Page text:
1/4, 2010s, Bill Condon, Musical, Review

Beauty and the Beast (2017)

Image result for beauty and the beast poster banner

It’s fascinating when a remake of a very good movie comes along and utterly fails at almost everything that the original did so well. It doesn’t look as good, sound as good, and it doesn’t play as well. It’s a curious artistic failure.

The movie’s problems begin right at the opening with an introductory sequence that falls somewhere between a dramatic scene and a voice over summary of events. It’s filmed in exactly the same way as the rest of the film is. There are no filters applied to the visuals to set it apart from the rest of the film. No sepia tone, no old age feel. That would be fine, if the scene were played dramatically, but it’s not. The same voiceover that’s in the original (almost word for word with some additions) plays over the action. It looks like characters on screen should be talking to each other, but every word they say gets overwritten by the dreamy voiceover playing on top. It’s an overall very odd experience that just feels wrong.

The movie then moves immediately into the action of the story with our main character Belle’s first musical number, and it’s jarring. I don’t know if Emma Watson can or cannot sing, but it’s pretty obvious that Disney didn’t think that she could. She’s autotunned to such a ridiculous degree across almost every note of every song she sings that it’s frustratingly distracting. And, her first number begins with her belting out some strong notes, but thoroughly overlaid with a digital alteration that’s beyond obvious. That’s how we begin our big special effects movie musical, with autotune from our star. Either let Watson’s imperfect voice through or dub her, don’t use autotune, especially not to this degree.

And that stuff isn’t really the extent of my problems with the film. There’s a weird tendency in these films to extend 90 minute films into two hours. The original animated film is a grand 84 minutes long, and this remake runs 129. That’s forty-five more minutes of screentime without really expanding the movie in any significant way. The extensions are a couple of new songs (neither of which are particularly good and don’t hold up well to the original songs that surround them), some backstory about Belle’s mother that really doesn’t deepen her character or provide any further thematic depth, and LeFou.

I’m gonna be honest, I don’t think Josh Gad is particularly entertaining, but Disney seems to love him. Every added bit of screentime to his character LeFou feels wasted and, at absolute best, frivolous. In the original, he’s support to a secondary character, but in this he now has an arc. He starts as Gaston’s lackey, but he grows to reject Gaston and join with the heroes in the final moments of the final battle. In what way does this extend, support, or illuminate anything about the core story of Belle and the Beast? The only way, there is a single way, is to give LeFou a line that makes the irony around Gaston acting like a beast and the Beast acting like a gentleman explicit.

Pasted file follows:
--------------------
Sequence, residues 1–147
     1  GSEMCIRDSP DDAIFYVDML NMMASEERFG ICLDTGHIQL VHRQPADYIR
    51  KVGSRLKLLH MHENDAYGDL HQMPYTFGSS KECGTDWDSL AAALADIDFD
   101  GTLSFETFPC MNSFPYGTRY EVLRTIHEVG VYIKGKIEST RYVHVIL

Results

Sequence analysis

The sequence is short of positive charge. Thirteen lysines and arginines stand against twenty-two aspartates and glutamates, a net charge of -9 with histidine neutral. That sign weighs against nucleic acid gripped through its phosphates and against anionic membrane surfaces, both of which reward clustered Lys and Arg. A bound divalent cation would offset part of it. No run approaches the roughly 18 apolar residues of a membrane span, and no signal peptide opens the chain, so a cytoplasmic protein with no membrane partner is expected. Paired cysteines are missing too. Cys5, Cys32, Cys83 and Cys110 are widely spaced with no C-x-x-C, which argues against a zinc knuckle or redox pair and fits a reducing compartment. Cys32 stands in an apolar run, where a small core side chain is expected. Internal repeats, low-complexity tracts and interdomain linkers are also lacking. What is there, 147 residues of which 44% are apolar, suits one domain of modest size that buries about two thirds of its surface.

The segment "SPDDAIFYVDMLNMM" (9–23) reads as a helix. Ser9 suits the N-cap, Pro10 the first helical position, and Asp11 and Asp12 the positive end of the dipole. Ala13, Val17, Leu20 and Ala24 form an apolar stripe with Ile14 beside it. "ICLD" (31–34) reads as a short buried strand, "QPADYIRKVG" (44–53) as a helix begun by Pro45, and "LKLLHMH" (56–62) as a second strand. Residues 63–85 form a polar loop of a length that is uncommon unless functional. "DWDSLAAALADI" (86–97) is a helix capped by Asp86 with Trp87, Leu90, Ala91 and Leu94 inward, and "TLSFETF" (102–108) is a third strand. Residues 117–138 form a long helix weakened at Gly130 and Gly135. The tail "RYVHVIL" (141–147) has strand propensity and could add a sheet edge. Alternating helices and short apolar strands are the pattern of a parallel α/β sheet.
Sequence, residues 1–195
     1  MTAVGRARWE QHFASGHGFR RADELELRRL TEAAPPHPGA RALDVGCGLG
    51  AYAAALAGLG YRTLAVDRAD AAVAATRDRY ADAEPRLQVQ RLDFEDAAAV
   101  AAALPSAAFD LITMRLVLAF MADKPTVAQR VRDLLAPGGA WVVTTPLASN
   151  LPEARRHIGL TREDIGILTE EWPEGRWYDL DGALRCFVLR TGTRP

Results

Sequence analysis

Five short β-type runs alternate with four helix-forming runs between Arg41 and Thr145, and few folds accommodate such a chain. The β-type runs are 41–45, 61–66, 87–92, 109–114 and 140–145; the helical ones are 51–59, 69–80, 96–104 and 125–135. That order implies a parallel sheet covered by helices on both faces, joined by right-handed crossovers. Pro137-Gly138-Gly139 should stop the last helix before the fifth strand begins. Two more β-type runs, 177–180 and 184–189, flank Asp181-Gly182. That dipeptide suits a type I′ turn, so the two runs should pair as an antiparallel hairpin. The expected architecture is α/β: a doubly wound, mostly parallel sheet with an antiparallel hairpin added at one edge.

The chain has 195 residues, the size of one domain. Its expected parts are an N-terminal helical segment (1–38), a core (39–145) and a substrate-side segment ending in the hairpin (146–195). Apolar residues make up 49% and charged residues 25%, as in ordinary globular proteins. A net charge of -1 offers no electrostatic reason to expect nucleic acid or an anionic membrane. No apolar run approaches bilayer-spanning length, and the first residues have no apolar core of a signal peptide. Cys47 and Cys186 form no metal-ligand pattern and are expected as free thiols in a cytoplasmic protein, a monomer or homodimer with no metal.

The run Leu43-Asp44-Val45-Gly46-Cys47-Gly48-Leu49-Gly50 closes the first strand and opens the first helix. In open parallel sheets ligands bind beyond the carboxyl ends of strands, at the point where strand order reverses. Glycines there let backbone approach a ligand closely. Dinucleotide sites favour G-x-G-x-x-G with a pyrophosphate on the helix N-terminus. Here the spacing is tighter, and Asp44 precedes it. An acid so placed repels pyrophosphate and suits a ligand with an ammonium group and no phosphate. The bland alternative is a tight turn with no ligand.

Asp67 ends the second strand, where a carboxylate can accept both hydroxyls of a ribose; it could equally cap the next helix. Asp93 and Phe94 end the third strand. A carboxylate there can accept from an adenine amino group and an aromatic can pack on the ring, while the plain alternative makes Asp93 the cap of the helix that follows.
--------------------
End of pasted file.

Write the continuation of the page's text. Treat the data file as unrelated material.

But even with that out of sight and out of mind, the core story feels wrong here too. The scenes (lifted word for word from the original) that lead up to the big musical numbers feel truncated and small. The actors skip through them like the emotional reality that leads up to the music doesn’t actually matter. Some of the music comes through fine (“Be Our Guest” in particular), but there are others that are so mishandled as to border on abuse. “The Mob Song” is cut into three sections, ruining the flow of the number completely as the movie goes through half the song, jumps to other stuff, jumps back for another section, jumps away again, and then jumps back to finish it. The idea is to have crosscutting to enhance a feeling of mounting tension, but the movie breaks that tension every time the song abruptly comes to an end. In the hands of a talented creative team, they would have expanded the song into a medley that included the action in the castle, allowing the song to expand in a far more interesting way.

And, honestly, I don’t even like how the movie looks. It’s extremely set bound and the designs feel overly complicated. I can’t get out of my mind the simplicity of Lumiere’s design in the original when looking at the over-designed monstrosity that the live action version presents. The CGI doesn’t hold up particularly well either. This is a very expensive movie with a lot of money spent across a lot of special effects, and so much of it feels plastic and fake, especially the eponymous Beast.

Overall, the movie feels like it was made by an amateur with too much money and no idea how to fill out the extra minutes. It’s a wild disappointment, and a struggle to get through.

Netflix Rating: 2/5

Quality Rating: 1/4

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